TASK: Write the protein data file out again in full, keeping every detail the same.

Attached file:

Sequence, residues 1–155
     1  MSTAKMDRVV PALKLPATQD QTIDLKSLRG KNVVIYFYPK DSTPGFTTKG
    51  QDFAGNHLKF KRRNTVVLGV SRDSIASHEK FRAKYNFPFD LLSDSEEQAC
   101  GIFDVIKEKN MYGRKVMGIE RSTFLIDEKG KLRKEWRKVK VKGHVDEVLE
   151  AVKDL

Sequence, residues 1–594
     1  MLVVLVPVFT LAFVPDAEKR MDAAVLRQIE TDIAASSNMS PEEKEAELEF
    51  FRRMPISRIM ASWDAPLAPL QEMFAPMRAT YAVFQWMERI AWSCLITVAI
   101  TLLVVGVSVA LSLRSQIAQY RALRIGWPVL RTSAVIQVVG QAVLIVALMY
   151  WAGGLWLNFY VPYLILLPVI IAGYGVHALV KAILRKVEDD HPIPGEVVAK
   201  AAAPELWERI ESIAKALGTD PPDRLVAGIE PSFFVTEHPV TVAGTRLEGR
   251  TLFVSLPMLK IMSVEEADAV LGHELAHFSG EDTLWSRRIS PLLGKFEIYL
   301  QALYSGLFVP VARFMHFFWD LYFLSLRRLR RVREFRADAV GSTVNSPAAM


Sequence, residues 1–155
     1  MSTAKMDRVV PALKLPATQD QTIDLKSLRG KNVVIYFYPK DSTPGFTTKG
    51  QDFAGNHLKF KRRNTVVLGV SRDSIASHEK FRAKYNFPFD LLSDSEEQAC
   101  GIFDVIKEKN MYGRKVMGIE RSTFLIDEKG KLRKEWRKVK VKGHVDEVLE
   151  AVKDL

Sequence, residues 1–594
     1  MLVVLVPVFT LAFVPDAEKR MDAAVLRQIE TDIAASSNMS PEEKEAELEF
    51  FRRMPISRIM ASWDAPLAPL QEMFAPMRAT YAVFQWMERI AWSCLITVAI
   101  TLLVVGVSVA LSLRSQIAQY RALRIGWPVL RTSAVIQVVG QAVLIVALMY
   151  WAGGLWLNFY VPYLILLPVI IAGYGVHALV KAILRKVEDD HPIPGEVVAK
   201  AAAPELWERI ESIAKALGTD PPDRLVAGIE PSFFVTEHPV TVAGTRLEGR
   251  TLFVSLPMLK IMSVEEADAV LGHELAHFSG EDTLWSRRIS PLLGKFEIYL
   301  QALYSGLFVP VARFMHFFWD LYFLSLRRLR RVREFRADAV GSTVNSPAAM